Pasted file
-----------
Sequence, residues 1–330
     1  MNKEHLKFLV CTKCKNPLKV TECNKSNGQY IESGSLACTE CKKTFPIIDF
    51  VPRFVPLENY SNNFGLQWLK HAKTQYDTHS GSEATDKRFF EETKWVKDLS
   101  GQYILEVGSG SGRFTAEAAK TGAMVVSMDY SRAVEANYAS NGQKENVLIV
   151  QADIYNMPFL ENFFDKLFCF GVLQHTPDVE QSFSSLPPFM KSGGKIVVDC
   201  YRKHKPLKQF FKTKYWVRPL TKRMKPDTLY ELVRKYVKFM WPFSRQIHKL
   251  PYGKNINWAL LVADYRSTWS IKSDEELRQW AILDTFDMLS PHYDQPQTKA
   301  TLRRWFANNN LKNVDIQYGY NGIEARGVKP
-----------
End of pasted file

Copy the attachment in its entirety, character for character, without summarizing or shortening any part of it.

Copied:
Sequence, residues 1–330
     1  MNKEHLKFLV CTKCKNPLKV TECNKSNGQY IESGSLACTE CKKTFPIIDF
    51  VPRFVPLENY SNNFGLQWLK HAKTQYDTHS GSEATDKRFF EETKWVKDLS
   101  GQYILEVGSG SGRFTAEAAK TGAMVVSMDY SRAVEANYAS NGQKENVLIV
   151  QADIYNMPFL ENFFDKLFCF GVLQHTPDVE QSFSSLPPFM KSGGKIVVDC
   201  YRKHKPLKQF FKTKYWVRPL TKRMKPDTLY ELVRKYVKFM WPFSRQIHKL
   251  PYGKNINWAL LVADYRSTWS IKSDEELRQW AILDTFDMLS PHYDQPQTKA
   301  TLRRWFANNN LKNVDIQYGY NGIEARGVKP